We've all been there.
You've been breezing through your preschoolers making jokes about dogs that sound like cows and having them do silly faces for the camera and then suddenly you hit 5th grade and they are NOT having it.
Last month I was faced with a group of 50 said teens/tweens and came up with some strategies that to my surprise and delight really worked with this group.
The advice out there right now is, "Just talk to them normally."
While this is great starting advice, I found that it didn't go far enough. I needed a methodology rather than depending on my wit and charm in the moment.
Here is my three step guide to great teen photos
#1 The Warm Up
During the warm up you're going to greet them normally. "Hi, how's your day going? I like your shoes!" that sort of thing... and then you're going to tell them exactly where to stand and where to put their hands. They will likely smile and it might be terrible or it might be great but either way...
Take the photo.
Then you're going to explain to them that you'll do different types of "looks" for their school portraits.
That was the smiling one. Now we'll do one where you are looking thoughtfully at the camera.
Take the photo.
#2 Get Them Moving
I have found that if they are moving around then they are much more likely to feel comfortable than just standing still. Especially if you have someone who looks like they want to jump out of their own skin, get them to move.
Before attempting this photo shoot, I took the time to really study what poses worked well for teens and tweens. I brought various sizes of stools so we could get sitting down shots, too.
I would recommend having 10-12 poses on hand along with ways to describe them. A lot of times you can model these for them and they'll imitate how you are placing your hands.
Here are a few poses to get you started.
- Put one hand in your front pocket and one hand in your back pocket
- Rest your cheek (or chin) against your fingertips
- Tuck your hair behind your ear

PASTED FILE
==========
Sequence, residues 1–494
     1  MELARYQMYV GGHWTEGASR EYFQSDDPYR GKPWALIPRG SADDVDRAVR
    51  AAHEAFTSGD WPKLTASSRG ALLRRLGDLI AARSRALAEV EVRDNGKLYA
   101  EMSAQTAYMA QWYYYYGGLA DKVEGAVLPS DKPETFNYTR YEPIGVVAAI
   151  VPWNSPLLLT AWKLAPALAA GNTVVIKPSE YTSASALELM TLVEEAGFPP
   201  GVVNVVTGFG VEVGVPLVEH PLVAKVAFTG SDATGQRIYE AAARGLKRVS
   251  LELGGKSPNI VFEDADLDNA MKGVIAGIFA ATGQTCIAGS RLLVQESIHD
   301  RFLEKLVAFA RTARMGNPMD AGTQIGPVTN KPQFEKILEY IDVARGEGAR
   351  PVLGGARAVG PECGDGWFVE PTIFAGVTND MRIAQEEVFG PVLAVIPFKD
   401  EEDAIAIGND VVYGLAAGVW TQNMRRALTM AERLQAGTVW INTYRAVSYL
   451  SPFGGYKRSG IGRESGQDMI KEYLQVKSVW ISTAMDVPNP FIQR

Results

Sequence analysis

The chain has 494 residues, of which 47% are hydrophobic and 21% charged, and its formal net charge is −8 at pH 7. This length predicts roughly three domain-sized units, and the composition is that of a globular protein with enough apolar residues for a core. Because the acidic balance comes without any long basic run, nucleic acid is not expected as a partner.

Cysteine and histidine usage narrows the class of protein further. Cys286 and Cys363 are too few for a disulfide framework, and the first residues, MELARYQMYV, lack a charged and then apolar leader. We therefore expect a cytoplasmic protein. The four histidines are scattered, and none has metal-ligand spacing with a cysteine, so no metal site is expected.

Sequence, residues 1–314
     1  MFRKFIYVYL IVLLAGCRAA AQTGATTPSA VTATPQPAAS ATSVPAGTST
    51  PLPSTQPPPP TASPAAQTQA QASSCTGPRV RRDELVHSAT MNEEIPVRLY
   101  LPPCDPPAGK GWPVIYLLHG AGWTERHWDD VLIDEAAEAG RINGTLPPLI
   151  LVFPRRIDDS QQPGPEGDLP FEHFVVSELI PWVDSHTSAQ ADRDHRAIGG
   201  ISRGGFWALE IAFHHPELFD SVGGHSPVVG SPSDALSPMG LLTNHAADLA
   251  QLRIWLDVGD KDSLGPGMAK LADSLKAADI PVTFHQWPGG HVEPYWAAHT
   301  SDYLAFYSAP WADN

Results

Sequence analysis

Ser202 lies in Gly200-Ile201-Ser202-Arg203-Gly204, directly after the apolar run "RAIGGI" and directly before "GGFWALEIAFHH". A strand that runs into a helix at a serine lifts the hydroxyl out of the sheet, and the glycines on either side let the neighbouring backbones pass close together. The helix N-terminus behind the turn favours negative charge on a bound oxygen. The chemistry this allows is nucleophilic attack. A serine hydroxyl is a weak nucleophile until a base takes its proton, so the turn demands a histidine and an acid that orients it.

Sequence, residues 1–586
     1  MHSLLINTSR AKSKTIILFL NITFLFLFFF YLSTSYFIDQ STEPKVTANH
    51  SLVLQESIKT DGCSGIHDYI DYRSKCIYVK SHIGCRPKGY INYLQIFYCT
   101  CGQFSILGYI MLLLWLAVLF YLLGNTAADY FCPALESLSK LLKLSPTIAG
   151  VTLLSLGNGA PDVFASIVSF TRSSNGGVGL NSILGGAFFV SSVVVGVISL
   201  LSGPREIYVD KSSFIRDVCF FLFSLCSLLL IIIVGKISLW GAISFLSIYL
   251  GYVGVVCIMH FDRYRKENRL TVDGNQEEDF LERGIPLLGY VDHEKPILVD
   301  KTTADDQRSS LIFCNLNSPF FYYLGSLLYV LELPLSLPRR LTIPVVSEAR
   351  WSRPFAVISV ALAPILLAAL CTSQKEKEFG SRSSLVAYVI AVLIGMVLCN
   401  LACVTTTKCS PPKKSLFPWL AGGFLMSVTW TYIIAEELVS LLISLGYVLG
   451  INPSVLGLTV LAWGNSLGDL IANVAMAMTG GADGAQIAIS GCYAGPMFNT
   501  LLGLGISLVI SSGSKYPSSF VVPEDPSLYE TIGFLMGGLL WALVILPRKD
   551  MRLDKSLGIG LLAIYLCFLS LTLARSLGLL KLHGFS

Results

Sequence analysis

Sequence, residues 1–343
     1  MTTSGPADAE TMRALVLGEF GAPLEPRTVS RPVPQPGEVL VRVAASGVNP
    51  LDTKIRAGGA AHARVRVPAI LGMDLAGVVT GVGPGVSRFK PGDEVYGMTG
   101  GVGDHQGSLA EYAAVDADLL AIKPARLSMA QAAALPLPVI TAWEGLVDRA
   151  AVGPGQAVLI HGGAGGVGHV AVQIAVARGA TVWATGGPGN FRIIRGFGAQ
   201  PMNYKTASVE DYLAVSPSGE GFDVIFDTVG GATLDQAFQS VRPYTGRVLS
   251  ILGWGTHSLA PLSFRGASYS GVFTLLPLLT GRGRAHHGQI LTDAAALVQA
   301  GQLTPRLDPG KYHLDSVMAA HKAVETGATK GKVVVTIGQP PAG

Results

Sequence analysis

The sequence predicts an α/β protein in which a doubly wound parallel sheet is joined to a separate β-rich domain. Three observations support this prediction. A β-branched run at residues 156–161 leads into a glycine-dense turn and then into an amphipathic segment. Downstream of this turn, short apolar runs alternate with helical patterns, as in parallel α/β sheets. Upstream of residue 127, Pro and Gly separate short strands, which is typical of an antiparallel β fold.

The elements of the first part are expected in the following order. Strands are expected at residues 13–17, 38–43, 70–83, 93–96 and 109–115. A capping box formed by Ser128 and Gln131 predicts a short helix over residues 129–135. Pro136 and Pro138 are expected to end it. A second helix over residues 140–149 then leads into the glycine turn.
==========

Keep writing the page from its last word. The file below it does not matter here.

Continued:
- Look up to the ceiling and smile (think about your favorite vacation)
- Angle your body, now look down at my ring.
The key to posing them is they need to feel secure in your guidance
which leads me to the next section...
#3 Compliments and Camaraderie
Do you remember being a teen? Self-conscious and insecure are the name of the game.
You have to be extremely careful to never say anything that could be taken negatively. What you may think is friendly instruction ("No, not like that") or banter can actually shut them down. Instead you are going to be a well of compliments.
Wow, I love your hair today.
You have the best smile.
You're a natural.
How did you know to do that?
Have you ever done modeling before?
Obviously, be sincere, but keep it positive. If you need to change something up, make it about YOU changing your mind and not about them posing wrongly.
Whenever I am asking them to do a pose that is a little strange, I always just name it... Ok this is weird, but can you scratch your neck and look down? It's not awkward at all, right?! Be ready. You'll probably get a laugh.
For my last trick, I leave you with my silver bullet.
The dating trick.
For boys who just won't loosen up, I get them into a pose, train my camera on them, and then ask them, "Are you dating any people right now?" (plural! hah!) If they say no, I follow up with... "Who do you want to date?"
Cue the big natural smile or laugh.
In theory, you could use this for girls too but I've never had to. If you try it, let me know!
Naomi is a family, maternity, newborn, and graduating senior photographer in Lebanon, Pennsylvania and surrounding areas.
She enjoys her job and thinks you should, too.